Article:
The elderly couple pushed their shopping cart through the parking lot.  Just as they opened their trunk, a young man rushed up to their car.  It took a moment or two for the couple to fully grasp the situation.  Finally the woman spoke up.  “Thank G-d you’re just some skeevy insurance agent.  We thought you had a gun.”


This could be our future if the Ohio budget includes this Zombie legislation.  Ohio Representative Bill Dean (R-71)  was the bill’s sponsor.  I plan to provide a copy of his testimony to every client who complains to me about insurance telephone solicitors bothering them at their homes or at dinner.  Some of you might think that I am exaggerating the risk.  Is the State of Ohio encouraging insurance agents to accost us?  This is from Representative Dean’s Sponsor’s testimony last year:

“The current rule, Ohio Administrative Code 3901-8-09, prohibits virtually all agent-generated communications with potential clients unless it’s through direct mail or if the potential supplemental insurance client is already a business client. Here are a few examples of how restrictive the current prohibitions are:

  • An agent calling fellow members of a 65+ group at his or her church about purchasing supplemental insurance; 
  • An agent sending a Facebook message about interest in purchasing insurance to someone they graduated from high school with 50 years ago; 
  • An agent approaching a group of seniors enjoying their coffee at McDonald’s and asking them if they’re interested in chatting about supplemental insurance.

Unless the agent has an existing business relationship with these potential customers, all of these interactions violate the current rule in place.”    

Representative Dean wants to change that.  He failed last year and now his Zombie may be a part of our next state budget.

As I noted last year, I’m 68.  I get all of the solicitations from out-of-state call centers.  Most of them are illegal but somehow beyond the reach of the Ohio Department of Insurance.  It is annoying to have my cellphone ring at 7 AM on a Saturday morning.  We (seniors) may not have to answer the phone, but we do have to see who is calling us.  It could be important.  It might be a sick friend or family member.  We need less people hounding us, not more.  We don’t need someone knocking on our door, approaching us in a restaurant, or tracking us down in a parking lot.  Representative Dean thinks that Ohio’s seniors are being deprived of important purchasing opportunities.  He is wrong.  Here is his email – www.ohiohouse.gov/bill-dean.  Drop him a line, unsolicited, and let him know what you think of his annoying law that won’t die, his Zombie.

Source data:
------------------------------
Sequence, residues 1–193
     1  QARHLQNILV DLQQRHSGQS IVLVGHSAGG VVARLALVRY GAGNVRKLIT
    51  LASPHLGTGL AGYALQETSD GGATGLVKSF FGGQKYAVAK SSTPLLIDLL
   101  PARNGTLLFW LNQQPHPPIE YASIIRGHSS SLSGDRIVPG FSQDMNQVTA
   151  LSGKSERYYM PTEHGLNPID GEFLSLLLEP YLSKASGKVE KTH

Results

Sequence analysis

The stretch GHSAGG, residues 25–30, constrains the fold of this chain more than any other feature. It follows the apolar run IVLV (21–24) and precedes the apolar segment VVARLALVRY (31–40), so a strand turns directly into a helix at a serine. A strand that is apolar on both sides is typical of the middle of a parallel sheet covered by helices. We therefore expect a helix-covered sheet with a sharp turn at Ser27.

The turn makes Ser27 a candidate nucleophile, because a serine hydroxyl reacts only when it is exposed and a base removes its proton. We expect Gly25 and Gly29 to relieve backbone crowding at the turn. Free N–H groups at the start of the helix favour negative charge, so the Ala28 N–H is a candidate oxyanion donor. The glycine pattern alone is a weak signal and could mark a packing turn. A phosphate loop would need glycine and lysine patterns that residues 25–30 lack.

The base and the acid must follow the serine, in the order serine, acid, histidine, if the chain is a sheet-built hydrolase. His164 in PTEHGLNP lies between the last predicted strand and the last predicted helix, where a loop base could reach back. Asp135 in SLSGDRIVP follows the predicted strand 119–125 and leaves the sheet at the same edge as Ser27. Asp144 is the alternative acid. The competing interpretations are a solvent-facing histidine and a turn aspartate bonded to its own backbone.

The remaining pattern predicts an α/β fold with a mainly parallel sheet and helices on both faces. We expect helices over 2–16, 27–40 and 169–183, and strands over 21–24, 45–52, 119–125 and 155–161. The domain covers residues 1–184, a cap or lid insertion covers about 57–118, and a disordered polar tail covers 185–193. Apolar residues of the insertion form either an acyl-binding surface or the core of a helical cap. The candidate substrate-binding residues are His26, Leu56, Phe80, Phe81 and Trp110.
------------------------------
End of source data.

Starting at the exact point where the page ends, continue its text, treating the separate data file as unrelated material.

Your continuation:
Picture – It’s  A Trap – David L Cunix and A.F.

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Mr. Cunix Goes To Washington

You either believe or you don’t.  Mark me down as one who believes.  I believe in the fundamental promise of the United States, that all men are created equal (even when we fail miserably at that ideal), that we can govern ourselves (even when we elect less than competent leaders), and that we can structure a system to benefit most, if not all, of us.  And for that reason I work on legislative issues on both the federal and state level.  And that is why over 500 members of the National Association of Benefit and Insurance Professionals (NABIP) were in Washington DC last week.

This was our first completely in-person meeting since February 2020, the onset of COVID.  I wondered if citizens would again have full access to the House and Senate buildings post January 6, 2021.  I am happy to report that yes, I was able to wander around the halls of Congress.  I find the hours I spend in these buildings in serious discussions with our elected officials and/or their staffs, seeing the delegations of veterans, business representatives, and school children from around the country, or even just a casual encounter with a senator to be democracy affirming.

Our meetings with our elected representatives and their staffs are designed to reinforce our main message that health insurance is the way most Americans access and pay for health care.  We remind them that according to the 2020 US Census, 54.4% of the United States population is covered by employer sponsored group health insurance.  We want to make group insurance work smoothly and effectively.  With 10,000 Americans turning 65 every single day, our other main focus is to make Medicare work for our clients, their constituents.  We can get into the various bills and specifics, but the basics, access and payment for care, have remained the same for years.